You can put it in a regular mail

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JBPARK

Senior Member
"You can put it in a regular mail."

Dear All,

I am in the middle of writing an email and I am stuck with the sentence above, which I am not sure how it sounds.


What I want to say is the person can send it by a regular mail.

Is this acceptable way of rephrasing the idea?

or would there be any part of the sentence I could improve on, for instance, dropping "a" or switching it to "the"?
- just spitballing...

Thanks for your attention.
 
  • Parla

    Member Emeritus
    English - US
    This is difficult to answer, JBPark, without more information. There are two things I would want to know in particular:
    (1) What is "it"? And what form is it in? (For example, if it's a photo: Is it digital? Or is it a print, on paper?)
    (2) What do you mean by "regular mail"? Some people might use that term to mean standard e-mail. Others might mean not e-mail at all, but postal mail (a paper in an envelope).
     

    heypresto

    Senior Member
    English - England
    We never say 'a mail', it's always 'the mail'.

    And, as in BE we tend to call it 'the post', I would omit 'regular' and simply say 'You can put it in the post', or, perhaps better, 'Please put it in the post'.


    Cross-posted.
     

    JBPARK

    Senior Member
    This is difficult to answer, JBPark, without more information. There are two things I would want to know in particular:
    (1) What is "it"? And what form is it in? (For example, if it's a photo: Is it digital? Or is it a print, on paper?)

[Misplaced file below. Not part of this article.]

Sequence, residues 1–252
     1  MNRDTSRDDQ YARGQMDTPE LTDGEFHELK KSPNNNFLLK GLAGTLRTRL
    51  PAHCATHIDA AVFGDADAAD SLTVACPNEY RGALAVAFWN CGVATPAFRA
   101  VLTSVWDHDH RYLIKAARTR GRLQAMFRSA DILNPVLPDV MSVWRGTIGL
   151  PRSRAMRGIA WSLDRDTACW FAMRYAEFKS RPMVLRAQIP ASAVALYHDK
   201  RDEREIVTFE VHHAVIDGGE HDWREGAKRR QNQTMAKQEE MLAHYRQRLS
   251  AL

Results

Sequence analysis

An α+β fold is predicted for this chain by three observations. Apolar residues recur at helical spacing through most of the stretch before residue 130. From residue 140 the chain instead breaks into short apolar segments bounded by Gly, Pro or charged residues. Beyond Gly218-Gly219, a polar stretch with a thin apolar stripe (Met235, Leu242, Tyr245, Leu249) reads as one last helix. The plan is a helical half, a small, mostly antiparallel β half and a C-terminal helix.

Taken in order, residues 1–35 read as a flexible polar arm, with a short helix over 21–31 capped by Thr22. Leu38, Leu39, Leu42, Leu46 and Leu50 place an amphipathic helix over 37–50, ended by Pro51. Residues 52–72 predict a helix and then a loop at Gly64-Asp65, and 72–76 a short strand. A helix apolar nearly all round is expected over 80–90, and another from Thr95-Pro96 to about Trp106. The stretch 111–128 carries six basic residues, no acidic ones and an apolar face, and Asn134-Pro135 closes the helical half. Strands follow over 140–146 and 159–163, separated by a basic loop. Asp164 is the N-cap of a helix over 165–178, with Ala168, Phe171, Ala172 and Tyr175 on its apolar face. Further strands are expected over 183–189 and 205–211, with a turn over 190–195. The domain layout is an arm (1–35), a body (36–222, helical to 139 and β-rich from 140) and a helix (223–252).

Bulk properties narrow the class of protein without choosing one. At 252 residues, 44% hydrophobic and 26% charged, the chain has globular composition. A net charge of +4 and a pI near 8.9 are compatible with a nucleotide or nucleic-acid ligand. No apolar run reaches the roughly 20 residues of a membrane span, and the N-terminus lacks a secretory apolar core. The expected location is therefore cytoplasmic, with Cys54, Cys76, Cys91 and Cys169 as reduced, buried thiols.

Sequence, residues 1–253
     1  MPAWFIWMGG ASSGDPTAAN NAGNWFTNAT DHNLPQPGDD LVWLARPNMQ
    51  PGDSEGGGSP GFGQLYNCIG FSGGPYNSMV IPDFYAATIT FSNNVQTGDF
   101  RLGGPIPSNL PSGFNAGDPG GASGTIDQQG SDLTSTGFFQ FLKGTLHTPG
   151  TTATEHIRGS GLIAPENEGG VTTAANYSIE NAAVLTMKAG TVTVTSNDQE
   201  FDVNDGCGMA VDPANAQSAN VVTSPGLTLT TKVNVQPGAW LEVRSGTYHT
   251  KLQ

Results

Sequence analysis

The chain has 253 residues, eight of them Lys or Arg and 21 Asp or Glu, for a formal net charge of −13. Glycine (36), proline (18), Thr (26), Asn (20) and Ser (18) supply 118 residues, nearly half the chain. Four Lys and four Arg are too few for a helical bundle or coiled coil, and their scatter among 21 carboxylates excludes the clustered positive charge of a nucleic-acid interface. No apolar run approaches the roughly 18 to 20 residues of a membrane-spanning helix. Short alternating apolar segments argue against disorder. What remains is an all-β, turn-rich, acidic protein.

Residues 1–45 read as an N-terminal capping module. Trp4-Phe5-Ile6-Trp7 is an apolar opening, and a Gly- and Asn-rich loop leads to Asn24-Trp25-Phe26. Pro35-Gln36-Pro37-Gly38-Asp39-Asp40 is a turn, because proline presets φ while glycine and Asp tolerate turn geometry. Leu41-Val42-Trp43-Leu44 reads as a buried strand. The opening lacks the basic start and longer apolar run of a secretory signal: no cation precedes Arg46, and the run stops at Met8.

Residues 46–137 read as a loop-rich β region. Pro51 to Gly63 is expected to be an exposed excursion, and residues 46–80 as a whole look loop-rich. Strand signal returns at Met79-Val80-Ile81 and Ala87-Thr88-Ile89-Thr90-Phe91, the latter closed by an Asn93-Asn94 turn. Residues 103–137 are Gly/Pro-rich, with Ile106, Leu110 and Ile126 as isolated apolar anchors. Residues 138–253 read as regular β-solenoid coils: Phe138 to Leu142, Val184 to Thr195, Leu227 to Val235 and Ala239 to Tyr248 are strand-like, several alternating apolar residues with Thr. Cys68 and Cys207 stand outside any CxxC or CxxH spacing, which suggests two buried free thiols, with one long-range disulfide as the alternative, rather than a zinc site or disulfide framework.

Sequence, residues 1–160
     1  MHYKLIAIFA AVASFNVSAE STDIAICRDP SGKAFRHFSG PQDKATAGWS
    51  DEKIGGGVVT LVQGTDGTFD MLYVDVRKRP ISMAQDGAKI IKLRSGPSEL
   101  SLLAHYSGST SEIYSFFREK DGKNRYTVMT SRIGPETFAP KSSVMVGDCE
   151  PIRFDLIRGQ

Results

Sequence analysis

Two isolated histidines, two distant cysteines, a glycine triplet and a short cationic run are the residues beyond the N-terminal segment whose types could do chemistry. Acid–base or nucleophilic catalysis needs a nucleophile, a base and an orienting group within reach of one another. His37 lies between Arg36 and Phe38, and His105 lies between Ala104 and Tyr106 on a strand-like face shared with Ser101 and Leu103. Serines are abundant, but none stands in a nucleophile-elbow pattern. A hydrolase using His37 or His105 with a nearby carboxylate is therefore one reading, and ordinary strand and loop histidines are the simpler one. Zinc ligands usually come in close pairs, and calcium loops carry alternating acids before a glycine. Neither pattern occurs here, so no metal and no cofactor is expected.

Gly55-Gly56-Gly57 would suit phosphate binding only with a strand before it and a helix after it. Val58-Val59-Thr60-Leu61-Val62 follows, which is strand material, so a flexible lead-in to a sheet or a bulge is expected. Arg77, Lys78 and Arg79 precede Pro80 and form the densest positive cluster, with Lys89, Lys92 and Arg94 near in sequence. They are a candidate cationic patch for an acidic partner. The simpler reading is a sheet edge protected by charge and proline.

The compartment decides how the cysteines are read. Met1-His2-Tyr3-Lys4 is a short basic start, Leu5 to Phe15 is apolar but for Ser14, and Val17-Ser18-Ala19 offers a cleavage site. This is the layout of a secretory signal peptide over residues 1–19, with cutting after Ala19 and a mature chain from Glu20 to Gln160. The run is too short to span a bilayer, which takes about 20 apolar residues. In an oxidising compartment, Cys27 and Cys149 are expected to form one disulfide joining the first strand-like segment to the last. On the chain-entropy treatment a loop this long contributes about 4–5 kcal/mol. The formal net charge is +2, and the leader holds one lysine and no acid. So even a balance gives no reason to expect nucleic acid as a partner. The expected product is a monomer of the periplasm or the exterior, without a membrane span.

(2) What do you mean by "regular mail"? Some people might use that term to mean standard e-mail. Others might mean not e-mail at all, but postal mail (a paper in an envelope).
    Thanks, Parla, for going extra lengths to help me out.

    It's a letter, a hard copy, and by regular mail, I mean regular postal mail, you know, the cheapest, slowest kind, as opposed to any type of express or priority mail.
     
    Last edited:

    perpend

    Banned
    American English
    In "normal speak" I would say these:
    Just put it in normal/regular mail.
    Just drop it in the mail.
    Just send it to me by/via snail-mail. (Slang?)
     

    Parla

    Member Emeritus
    English - US
    Thanks for clarifying, JB. I'm pretty much in agreement with Perpend, except since "mail" means different things to different people these days, if I were talking to a fellow American, I'd be specific and say, "You can snailmail it to me." If for some reason I wanted to sound more formal, I'd say, "You can send it to me via the USPS." (That's the US Postal Service.) If my correspondent were British (or someone elsewhere using BE), I'd say, "You can send it to me by post."
     
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